This happened to my son's 8th grade trip to DC in Feb. They were on US Airways from SFO and US bumped a number of kids from one of the two flights. As as aside, it most probably wasn't the school that made the flight bookings (either in my son's case or the case in point here). These trips to DC tend to get organized by specialist companies who handle all the logistics for the trip including all the flight arrangements. If that's what happened here it's more likely than not that the school isn't directly to blame, it's on both the trip planner and the airline - comments about the irresponsible principals/teachers etc are probably off-base. Anyway, nothing wrong with AA overbooking a flight, but there's everything wrong with AA accepting a group booking involving so many minors and not itself ensuring that things didn't turn out the way they did. One PNR with so many passengers (which may well have been the issue here) ought to have stuck out and raised a few flags pre-departure.

I still don't understand what you think AA should have done. IDB-ing pax who already had their seat assignments? How would that be fair to passengers who did their due diligence?

It is an unfortunate circumstance, yes. But I don't think it is anyones fault. "Stuff" happens.

beerup Apr 2, 13 10:05 am


Originally Posted by alhcfp (Post 20522638)
Am I correct that the only facts we have is Post #1 which tells us nothing
except everyone has to buy a new ticket? Which cannot be correct?

Are these the only FACTS?

No, there is also the fact (if you accept an update to the original article as fact) that the party was flown to DFW yesterday (original departure date), put up for the night at a Marriott and then are confirmed on the flight from DFW to IAD that leaves in about 5 min and is scheduled to arrive at 3 pm Eastern (22 hours after scheduled arrival on original itinerary). <in post #28>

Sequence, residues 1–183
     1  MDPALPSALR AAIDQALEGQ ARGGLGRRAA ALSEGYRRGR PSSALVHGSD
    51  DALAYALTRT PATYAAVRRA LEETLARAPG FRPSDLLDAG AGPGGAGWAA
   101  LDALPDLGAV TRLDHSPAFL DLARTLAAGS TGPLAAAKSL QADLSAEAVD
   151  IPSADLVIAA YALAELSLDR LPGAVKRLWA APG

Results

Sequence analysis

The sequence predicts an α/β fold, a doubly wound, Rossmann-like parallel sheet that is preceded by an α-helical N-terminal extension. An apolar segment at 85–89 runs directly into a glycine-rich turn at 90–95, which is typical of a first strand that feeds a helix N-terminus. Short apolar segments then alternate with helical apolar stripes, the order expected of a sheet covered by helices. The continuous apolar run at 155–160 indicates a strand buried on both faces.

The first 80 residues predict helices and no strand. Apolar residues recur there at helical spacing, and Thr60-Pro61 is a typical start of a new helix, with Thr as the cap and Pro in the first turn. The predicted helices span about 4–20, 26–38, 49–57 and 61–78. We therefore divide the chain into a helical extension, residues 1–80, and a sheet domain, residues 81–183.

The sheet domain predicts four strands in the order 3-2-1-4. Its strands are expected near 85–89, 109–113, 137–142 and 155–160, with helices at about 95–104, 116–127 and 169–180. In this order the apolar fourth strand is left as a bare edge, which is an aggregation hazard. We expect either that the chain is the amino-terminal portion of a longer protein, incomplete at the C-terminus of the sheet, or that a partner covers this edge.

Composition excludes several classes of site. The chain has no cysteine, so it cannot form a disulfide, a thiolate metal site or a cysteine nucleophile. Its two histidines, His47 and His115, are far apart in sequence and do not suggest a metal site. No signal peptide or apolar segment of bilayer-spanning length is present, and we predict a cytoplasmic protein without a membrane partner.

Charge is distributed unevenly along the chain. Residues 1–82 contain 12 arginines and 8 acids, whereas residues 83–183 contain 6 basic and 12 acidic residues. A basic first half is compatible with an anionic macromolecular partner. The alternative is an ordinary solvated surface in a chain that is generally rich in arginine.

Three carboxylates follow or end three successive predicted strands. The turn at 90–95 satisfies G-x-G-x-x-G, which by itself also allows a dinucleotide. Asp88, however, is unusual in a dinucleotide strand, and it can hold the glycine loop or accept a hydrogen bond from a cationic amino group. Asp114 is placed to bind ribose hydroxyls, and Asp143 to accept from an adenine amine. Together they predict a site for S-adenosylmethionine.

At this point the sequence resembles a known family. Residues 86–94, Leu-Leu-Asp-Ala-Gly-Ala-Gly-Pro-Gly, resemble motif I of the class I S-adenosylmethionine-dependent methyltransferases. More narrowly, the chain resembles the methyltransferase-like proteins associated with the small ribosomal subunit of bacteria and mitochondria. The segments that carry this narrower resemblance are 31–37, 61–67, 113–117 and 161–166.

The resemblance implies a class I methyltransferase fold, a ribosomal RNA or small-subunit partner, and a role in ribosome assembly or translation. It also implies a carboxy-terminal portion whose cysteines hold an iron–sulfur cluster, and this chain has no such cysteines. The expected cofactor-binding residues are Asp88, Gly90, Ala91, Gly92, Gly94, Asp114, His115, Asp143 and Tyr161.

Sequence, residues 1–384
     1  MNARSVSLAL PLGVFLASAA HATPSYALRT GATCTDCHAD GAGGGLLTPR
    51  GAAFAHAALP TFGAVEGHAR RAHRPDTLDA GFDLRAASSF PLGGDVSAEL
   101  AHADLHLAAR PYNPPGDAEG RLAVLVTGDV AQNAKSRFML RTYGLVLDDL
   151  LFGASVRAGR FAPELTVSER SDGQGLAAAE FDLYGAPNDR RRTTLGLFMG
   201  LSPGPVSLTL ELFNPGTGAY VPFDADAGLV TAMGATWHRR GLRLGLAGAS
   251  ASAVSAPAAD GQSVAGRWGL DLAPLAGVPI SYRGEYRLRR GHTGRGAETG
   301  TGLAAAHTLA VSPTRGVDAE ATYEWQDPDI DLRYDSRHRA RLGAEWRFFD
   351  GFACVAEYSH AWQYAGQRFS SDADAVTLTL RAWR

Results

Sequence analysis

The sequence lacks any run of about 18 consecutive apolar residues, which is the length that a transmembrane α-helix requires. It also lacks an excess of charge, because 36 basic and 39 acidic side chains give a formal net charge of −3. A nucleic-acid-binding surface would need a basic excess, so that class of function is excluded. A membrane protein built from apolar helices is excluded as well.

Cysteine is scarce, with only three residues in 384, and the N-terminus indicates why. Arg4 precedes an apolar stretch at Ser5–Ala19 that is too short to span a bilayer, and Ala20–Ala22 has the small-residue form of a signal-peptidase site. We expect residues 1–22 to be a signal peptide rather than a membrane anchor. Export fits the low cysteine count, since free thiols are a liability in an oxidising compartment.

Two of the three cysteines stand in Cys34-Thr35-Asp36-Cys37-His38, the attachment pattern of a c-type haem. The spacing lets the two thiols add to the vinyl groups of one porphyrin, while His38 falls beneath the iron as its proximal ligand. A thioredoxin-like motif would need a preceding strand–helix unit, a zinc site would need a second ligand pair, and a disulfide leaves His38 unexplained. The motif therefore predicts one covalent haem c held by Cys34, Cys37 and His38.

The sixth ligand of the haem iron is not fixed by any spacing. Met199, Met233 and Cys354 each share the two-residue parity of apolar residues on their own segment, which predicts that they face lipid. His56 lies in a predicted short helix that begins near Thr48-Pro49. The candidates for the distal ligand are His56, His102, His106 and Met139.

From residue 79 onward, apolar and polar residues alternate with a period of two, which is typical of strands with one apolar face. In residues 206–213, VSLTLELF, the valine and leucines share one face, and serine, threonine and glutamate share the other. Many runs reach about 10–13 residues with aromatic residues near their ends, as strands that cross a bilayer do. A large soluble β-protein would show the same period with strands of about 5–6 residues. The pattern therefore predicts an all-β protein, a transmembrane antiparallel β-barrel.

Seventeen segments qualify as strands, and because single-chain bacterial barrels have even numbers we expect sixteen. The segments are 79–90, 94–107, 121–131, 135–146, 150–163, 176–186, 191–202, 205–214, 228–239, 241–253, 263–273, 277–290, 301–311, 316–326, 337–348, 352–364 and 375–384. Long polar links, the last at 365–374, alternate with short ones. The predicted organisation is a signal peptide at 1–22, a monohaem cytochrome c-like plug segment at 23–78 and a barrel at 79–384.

alhcfp Apr 2, 13 10:12 am


Originally Posted by beerup (Post 20523000)
No, there is also the fact (if you accept an update to the original article as fact) that the party was flown to DFW yesterday (original departure date), put up for the night at a Marriott and then are confirmed on the flight from DFW to IAD that leaves in about 5 min and is scheduled to arrive at 3 pm Eastern (22 hours after scheduled arrival on original itinerary). <in post #28>

Those are facts, but sheds no new light on original issue and fault.

blagger Apr 2, 13 10:18 am


Originally Posted by Antarius (Post 20522936)
I still don't understand what you think AA should have done.

IDB is always a possibility for airlines that routinely overbook flights and it's up to them to balance the IDB risk/cost against the risk/cost of empty seats. When calculating the level of overbooking for that flight, AA should have taken into account that breaking up a large group of schoolkids is not usually an acceptable option.

Antarius Apr 2, 13 10:34 am


Originally Posted by blagger (Post 20523070)
IDB is always a possibility for airlines that routinely overbook flights and it's up to them to balance the IDB risk/cost against the risk/cost of empty seats. When calculating the level of overbooking for that flight, AA should have taken into account that breaking up a large group of schoolkids is not usually an acceptable option.

I don't think their system knows/identifies groups of school children. Nor do I think this is a worthwhile investment in upgrading the system for a one-off situation.

Further, once ticketed the only options were to IDB pax with seats or IDB those without seats. AA chose to follow policy.

Again, not really an issue that needs to have blame thrown around.

matrixwalker2012 Apr 2, 13 10:44 am


Originally Posted by harrison1186 (Post 20521937)
I can certainly understand why the chaparones refused to split up the group.

Someone from AA really dropped the ball. I agree with the another poster that 6 other passengers should have been IDB, regardless of protocol to avoid this PR mess.

Doesn't sound surprising. AA's culture is built entirely around each employee keeping their rear end out of the fire. Thus, each agent is mostly interested in their own preservation, not in solving the problem.

If they had a culture more like WN's, then this problem would've been easily solved.

Sure, you have your IDB priorities, but you should also NEVER screw around with groups full of minors.

ijgordon Apr 2, 13 10:56 am


Originally Posted by norf9 (Post 20522235)
I can, and I imagine the parents can as well. Yes, the premium seats are an extra fee, but that's not an excuse for not paying. They decided to cheap out on the tickets, and this is the end result. It's not fair to bump the responsible passengers who paid for their seats and checked in early to make room for this guy's group.

That's way out of line. If they had reservations and checked in before the deadline, they're just as entitled to fly as other so-called "responsible" passengers. I don't know where you get off thinking that those with seat assignments can't (or shouldn't) be IDBd, especially since they make it very clear that seat assignments are not guaranteed.

Obviously the best economic decision for AA would have been to IDB 6 other passengers, in terms of the re-accommodation costs they're now incurring and the bad PR. But I guess this GA couldn't see the forest through the trees.